“No justice, no peace!” and “This is so wrong!” shouted protesters outside the courthouse.
Amber Guyger, the 31-year-old former Dallas police officer, was found guilty Wednesday by a Texas jury and sentenced to 10 years in prison after she walked into a black neighbor’s home thinking it was hers and shot him dead while he was eating ice cream.
The sentence was less than the 28 years requested by the prosecutors and the jury imposed no fine.
"Of course that's inadequate. The entire justice system is inadequate and the work must continue," S. Lee Merritt, a lawyer representing the victim’s said on Twitter.
The jury came to its sentence Tuesday in less than six hours, convicting Guyger, who is white, in the 2018 killing of Botham Jean, a 26-year-old black PwC accountant.
The killing had set-off outrage and street protests, especially since prosecutors initially decided to bring the lesser charge of manslaughter against Guyger.
The case was different from other recent high-profile killings, such as those of Michael Brown in Missouri and Philando Castile in Minnesota, since Guyger was not on duty or responding to a reported crime when she killed Jean.
THE VALUE OF BLACK LIFE— Bishop Talbert Swan (@TalbertSwan) October 2, 2019
AMBER GUYGER: Dallas cop, murdered #BothamJean, 28-yr-old Black man
JASON VAN DYKE: Chicago cop, murdered #LaquanMcDonald, 17-yr-old black boy
KELONTRE BAREFIELD, Black Ohio man, killed #Jethro (a police DOG)
The last day of the case hearing also included a uncommon moment in which the victim’s younger brother warmly offered his pardon to the perpetrator.
“I forgive you, and I know if you go to God and ask him, he will forgive you. I’m speaking for myself, not my family, but I love you just like anyone else,” Jean’s brother Brandt told Guyger.
Brandt Jean then asked the judge’s permission to hug Guyger and he and Guyger ran to one another and embraced in the middle of the courtroom. They hugged, cried and spoke softly to one another for about a minute.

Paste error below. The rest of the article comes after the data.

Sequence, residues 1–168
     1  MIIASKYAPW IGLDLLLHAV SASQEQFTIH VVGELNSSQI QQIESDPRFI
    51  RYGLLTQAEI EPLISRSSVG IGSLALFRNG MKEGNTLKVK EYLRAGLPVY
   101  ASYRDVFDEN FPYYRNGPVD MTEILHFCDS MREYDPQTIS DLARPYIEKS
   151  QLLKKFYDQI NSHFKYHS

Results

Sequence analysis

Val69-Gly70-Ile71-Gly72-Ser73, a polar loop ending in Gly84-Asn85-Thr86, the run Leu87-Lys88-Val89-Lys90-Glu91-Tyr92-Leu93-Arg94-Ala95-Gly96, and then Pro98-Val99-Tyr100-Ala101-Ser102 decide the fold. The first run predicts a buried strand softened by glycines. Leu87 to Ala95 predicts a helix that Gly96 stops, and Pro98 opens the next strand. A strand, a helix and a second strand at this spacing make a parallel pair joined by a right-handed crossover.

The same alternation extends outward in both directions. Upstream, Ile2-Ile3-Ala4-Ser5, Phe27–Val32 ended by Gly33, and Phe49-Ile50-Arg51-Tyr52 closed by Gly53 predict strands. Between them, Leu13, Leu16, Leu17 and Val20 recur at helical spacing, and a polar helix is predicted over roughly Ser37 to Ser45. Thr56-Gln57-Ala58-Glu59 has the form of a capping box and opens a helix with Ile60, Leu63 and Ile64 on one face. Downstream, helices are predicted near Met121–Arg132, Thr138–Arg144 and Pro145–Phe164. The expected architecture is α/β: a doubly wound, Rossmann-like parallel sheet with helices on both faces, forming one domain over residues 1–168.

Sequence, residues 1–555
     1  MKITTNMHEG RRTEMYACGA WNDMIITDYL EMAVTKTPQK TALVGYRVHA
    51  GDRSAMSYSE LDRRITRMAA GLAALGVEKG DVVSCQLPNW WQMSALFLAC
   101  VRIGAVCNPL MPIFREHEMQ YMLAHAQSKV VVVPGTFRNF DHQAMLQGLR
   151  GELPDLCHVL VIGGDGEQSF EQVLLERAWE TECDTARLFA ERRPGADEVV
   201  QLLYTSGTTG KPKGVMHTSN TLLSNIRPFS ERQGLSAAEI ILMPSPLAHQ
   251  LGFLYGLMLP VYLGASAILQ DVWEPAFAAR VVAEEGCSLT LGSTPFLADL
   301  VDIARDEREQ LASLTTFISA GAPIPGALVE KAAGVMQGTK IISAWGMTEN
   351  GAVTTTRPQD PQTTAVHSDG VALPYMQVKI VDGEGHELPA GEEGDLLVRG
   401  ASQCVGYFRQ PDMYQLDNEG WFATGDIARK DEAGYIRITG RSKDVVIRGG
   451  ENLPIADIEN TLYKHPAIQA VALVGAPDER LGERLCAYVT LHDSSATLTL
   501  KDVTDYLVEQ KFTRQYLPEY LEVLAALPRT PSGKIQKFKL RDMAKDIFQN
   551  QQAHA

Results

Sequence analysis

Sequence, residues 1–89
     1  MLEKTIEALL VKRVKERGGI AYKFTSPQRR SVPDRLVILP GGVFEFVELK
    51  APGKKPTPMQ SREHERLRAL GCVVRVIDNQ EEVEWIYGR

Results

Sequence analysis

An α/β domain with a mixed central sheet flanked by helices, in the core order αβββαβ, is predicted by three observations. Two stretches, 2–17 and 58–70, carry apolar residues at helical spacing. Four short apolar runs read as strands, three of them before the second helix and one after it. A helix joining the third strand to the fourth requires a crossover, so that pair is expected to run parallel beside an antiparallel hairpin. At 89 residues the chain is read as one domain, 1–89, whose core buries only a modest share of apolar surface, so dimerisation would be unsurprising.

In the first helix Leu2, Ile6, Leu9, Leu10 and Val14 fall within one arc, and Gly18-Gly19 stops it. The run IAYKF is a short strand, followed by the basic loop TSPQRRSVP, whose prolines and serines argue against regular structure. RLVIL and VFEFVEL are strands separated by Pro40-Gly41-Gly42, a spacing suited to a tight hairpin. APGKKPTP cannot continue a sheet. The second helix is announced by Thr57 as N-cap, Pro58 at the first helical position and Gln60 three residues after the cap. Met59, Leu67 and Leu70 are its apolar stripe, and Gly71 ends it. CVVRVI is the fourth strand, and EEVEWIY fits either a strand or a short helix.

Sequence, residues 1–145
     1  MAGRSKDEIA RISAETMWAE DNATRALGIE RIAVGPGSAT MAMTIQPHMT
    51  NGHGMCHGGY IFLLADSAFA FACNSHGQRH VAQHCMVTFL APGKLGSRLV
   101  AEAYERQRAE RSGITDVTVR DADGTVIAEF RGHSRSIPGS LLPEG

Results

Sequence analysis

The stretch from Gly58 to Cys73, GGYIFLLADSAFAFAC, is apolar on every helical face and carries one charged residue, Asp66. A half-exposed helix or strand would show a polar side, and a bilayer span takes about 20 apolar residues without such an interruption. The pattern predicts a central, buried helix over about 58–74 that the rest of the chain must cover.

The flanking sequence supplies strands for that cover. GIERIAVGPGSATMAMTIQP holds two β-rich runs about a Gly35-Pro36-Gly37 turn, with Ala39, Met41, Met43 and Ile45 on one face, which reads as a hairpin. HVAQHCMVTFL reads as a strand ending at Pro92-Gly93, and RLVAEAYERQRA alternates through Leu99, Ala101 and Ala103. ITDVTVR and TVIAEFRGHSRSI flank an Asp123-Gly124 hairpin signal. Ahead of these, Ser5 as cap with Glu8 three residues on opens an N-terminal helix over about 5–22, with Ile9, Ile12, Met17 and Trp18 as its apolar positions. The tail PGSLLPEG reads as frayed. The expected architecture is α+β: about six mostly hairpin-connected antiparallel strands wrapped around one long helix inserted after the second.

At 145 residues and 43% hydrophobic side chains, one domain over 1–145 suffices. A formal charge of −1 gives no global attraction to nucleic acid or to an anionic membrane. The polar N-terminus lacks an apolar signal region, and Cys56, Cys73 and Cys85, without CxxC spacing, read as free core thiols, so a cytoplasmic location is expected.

“No justice, no peace!” and “This is so wrong!” shouted protesters outside the courthouse, where the mood was less forgiving.
With protesters at her side, Botham Jean’s mother, Allison, criticized what she called the poor training of police and called on the city to “clean up” its act.
“Our life must move on, but our life must move on with the change. There’s gotta be a better day, and that better day starts with each and every one of us.”
Guyger, who spent four years on the force before the murder, testified in her own defense during the trial and tearfully expressed regret for shooting Jean but said she had believed her life was in danger when she pulled the trigger.
Prosecutors argued that Guyger did little to help Jean even after realizing her mistake, calling the 911 emergency phone number for an ambulance but not administering first aid.
They also showed the jury several text messages that painted Guyger as racist.
Guyger wrote in one January 2018 message that she would like to use pepper spray on the crowd at a Martin Luther King Jr. parade in Dallas, while in another she wrote that her black police colleagues “just have a different way of working and it shows.”
During the trial, Guyger’s defense attorney said she was “on autopilot” after a long workday when she mistakenly parked on the wrong floor in the garage and was able to enter Jean’s apartment because he had left the door slightly ajar.
“I’m so sorry, I’m so sorry. I have to live with this every single day,” Guyger told the jury.
In cross-examination, Assistant District Attorney Jason Hermus asked her, “When you shot him twice, you intended to kill him, didn’t you?”
“I did,” Guyger responded, in a calm voice.